Hello, all! I have a fresh face to introduce you to today, Kathleen Neely. Kathleen is another author I have encountered through ACFW. This wonderful organization allows authors to network and glean from each other in the most amazing way. I wish I’d joined sooner 🙂
Thanks for being on my blog today, Kathleen. First, can you tell us a little about your novel?
I love novels that focus on relationships, particularly inter-generational. I also enjoy reading stories that involve the legal system—law suits, court cases, attorneys. The Street Singer is actually my second novel, although the first to reach publication. When I finished my first novel and breathed a big sigh of relief, my mind went to work weaving story lines, building and discarding ideas, until I decided on what eventually became The Street Singer. It’s about Trisha, a final-year law student, and Adda, a once famous recording artist known as Adaline. Although it’s their story, everyone loves a little romance. That keeps things interesting.
The Street Singer blurb:
Trisha Mills, a student in her final semester of law school, has fond memories of listening to the music of Adaline, a once famous recording artist. She learns that Adaline, now Adda
Marsh, is a street singer in Asheville, NC. Adda’s sole means of support in her senior years comes from the donation box. Along with her meager possessions, Adda has a box labeled, “Things to Remember.” Adda agrees to show Trisha the contents. With it comes her story. Adda reveals her journey by sharing a few items at a time, beginning as a sharecropper’s daughter in Mississippi, to fame in Nashville, and to poverty in her old age.
Trisha is busy cleaning out the home of her deceased grandfather, preparing to sit for the bar exam, and planning her wedding to Grant Ramsey. However, she cannot overlook the
injustices that Adda has experienced. Aided by Rusty Bergstrom, an attorney who will work pro bono, Trisha convinces Adda to seek restitution. Will her growing friendship with Rusty Bergstrom affect her engagement to Grant?
Sounds interesting. I love novels that give us multiple storylines like this. I always have to ask fellow authors: Do you have any suggestions to help me become a better writer?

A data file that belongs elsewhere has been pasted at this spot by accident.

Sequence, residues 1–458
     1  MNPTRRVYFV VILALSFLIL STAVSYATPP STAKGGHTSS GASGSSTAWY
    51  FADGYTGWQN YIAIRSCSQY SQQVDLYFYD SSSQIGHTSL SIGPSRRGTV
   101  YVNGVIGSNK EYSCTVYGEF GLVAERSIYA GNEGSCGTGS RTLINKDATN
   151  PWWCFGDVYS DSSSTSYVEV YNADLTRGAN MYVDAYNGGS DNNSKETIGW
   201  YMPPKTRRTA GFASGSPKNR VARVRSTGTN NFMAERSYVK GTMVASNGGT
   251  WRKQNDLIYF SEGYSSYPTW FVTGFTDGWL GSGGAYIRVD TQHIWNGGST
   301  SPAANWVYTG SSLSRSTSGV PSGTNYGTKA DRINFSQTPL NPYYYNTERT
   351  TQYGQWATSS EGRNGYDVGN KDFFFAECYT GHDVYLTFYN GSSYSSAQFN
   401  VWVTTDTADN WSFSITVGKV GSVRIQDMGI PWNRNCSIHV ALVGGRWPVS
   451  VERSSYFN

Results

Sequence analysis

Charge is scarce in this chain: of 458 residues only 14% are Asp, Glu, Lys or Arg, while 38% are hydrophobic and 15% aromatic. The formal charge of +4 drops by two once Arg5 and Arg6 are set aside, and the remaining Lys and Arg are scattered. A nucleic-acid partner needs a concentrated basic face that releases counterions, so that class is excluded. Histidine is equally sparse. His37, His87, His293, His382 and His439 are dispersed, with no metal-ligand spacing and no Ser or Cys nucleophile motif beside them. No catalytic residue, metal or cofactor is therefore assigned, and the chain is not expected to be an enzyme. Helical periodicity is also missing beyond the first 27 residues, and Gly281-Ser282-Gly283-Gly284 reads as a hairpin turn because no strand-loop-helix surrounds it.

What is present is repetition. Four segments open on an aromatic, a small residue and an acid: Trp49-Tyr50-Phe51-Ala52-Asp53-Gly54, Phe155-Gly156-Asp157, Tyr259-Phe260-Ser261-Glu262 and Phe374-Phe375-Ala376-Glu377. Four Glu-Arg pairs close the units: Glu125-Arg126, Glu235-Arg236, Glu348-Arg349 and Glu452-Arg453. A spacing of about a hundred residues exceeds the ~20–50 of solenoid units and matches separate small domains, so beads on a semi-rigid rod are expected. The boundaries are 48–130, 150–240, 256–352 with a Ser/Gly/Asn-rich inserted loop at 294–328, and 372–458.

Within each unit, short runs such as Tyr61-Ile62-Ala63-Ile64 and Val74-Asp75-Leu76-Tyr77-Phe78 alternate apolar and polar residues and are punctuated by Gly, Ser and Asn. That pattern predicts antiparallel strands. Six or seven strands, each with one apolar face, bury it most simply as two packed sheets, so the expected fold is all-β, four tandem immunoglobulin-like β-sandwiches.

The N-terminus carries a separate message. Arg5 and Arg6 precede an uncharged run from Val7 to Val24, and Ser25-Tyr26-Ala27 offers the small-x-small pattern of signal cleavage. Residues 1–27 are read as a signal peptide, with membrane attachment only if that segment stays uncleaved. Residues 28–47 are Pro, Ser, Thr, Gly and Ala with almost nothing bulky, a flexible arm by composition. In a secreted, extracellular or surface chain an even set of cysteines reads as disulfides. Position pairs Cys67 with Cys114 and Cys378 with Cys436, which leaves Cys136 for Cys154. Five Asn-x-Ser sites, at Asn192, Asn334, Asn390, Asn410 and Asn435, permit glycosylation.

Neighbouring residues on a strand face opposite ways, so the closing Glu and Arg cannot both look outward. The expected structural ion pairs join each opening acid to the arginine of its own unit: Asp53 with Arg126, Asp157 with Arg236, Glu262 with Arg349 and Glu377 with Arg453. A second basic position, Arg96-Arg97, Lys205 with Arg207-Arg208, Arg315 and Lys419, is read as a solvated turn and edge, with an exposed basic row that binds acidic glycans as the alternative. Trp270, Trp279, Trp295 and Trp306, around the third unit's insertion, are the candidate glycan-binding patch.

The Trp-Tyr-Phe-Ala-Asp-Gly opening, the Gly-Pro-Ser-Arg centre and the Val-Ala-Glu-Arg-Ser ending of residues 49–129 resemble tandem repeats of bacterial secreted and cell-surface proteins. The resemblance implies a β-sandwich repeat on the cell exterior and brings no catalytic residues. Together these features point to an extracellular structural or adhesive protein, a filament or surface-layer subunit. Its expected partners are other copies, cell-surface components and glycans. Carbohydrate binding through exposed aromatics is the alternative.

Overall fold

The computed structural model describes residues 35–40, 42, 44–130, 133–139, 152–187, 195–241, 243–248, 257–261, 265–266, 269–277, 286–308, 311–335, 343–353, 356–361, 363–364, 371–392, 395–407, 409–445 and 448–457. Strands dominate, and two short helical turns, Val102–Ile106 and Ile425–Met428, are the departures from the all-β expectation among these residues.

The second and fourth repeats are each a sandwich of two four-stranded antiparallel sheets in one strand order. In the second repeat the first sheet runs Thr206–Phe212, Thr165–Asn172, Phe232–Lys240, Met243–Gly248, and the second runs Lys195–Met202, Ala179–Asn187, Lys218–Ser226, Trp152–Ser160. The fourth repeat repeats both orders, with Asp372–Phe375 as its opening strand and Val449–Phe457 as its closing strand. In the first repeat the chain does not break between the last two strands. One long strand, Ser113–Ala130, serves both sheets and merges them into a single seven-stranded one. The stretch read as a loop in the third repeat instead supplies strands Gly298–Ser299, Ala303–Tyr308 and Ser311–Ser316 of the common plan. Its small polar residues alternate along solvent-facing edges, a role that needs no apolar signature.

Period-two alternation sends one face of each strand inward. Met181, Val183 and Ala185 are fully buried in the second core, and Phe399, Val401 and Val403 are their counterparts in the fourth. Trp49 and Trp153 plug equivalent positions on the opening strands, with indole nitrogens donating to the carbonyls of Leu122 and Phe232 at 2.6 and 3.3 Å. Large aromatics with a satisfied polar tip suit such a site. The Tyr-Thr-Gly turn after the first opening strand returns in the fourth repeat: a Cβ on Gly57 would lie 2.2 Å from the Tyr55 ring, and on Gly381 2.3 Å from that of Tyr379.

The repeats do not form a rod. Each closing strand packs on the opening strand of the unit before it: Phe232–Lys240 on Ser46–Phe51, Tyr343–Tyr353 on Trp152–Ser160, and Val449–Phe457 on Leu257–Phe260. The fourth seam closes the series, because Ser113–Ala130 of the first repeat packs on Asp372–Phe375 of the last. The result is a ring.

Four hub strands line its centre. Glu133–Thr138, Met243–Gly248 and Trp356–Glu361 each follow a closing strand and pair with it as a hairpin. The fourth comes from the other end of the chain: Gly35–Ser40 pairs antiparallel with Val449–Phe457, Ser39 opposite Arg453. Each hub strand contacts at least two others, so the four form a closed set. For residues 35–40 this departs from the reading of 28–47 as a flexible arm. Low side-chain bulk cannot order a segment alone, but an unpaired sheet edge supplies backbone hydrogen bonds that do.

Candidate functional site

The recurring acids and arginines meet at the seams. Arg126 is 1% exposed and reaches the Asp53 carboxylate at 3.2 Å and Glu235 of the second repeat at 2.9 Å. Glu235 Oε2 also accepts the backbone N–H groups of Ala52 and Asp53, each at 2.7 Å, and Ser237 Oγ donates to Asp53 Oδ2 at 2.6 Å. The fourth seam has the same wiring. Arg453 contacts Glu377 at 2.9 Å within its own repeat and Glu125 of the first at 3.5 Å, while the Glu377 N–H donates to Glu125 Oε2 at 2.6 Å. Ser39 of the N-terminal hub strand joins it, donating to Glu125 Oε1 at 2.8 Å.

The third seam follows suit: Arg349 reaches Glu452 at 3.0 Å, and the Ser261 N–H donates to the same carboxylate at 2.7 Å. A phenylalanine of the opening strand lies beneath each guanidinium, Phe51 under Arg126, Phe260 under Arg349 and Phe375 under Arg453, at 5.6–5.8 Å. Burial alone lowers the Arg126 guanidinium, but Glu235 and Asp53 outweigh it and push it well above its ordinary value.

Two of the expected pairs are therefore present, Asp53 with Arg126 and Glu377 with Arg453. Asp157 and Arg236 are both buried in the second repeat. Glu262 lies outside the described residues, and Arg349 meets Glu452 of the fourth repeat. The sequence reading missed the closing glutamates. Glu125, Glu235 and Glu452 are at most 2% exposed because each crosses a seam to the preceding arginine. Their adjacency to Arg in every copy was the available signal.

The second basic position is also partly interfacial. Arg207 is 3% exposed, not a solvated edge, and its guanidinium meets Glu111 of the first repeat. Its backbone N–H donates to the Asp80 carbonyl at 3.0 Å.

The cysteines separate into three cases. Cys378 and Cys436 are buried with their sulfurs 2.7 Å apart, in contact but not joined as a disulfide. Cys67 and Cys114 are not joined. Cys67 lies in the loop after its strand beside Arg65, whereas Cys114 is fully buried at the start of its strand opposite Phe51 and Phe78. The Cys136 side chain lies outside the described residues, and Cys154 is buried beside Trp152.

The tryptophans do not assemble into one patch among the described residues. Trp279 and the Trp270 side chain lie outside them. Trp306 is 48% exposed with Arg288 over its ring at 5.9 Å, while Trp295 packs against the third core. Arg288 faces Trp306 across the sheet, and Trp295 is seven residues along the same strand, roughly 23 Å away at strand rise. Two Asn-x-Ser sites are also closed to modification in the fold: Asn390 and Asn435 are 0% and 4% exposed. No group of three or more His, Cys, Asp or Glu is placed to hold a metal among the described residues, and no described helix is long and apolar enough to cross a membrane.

My advice is more for new writers. Surround yourself with people in the industry. Garner all of the help they can give you. I’ve found writers to be the best and most willing mentors. Read trade books on writing and attend conferences.
That is sound advice. Never stop learning. Non-writers are always curious about the length of time to complete a novel. Now, most understand this varies from author to author. What about you? How long does it take you to write a book?
Writing a book takes the better part of a year. About six months of that time is actually drafting the manuscript. After that, comes editing and rewrites. Unlike what I hear from many authors, I enjoy editing—not the line editing checking for every punctuation mark. Once the skeleton of a story is written, I enjoy embellishing it, bringing it to life with words. I go through my manuscript many times, looking to add sensory details and thinking through the emotions that should be evident. I use beta readers to review the finished work, then, if needed, will do further edits.
You’ve got one on me. I certainly do add depth, but editing is not my favorite 🙂
Can you tell us something about your newest release that is NOT in the blurb?
I was mesmerized by a youtube video of a drum circle. I knew I had to have a scene in The Street Singer that included it. Here’s a link: https://www.youtube.com/watch?v=2O6melWFemg
So cool! Lastly, do you have any current projects you’re working on? Care to share?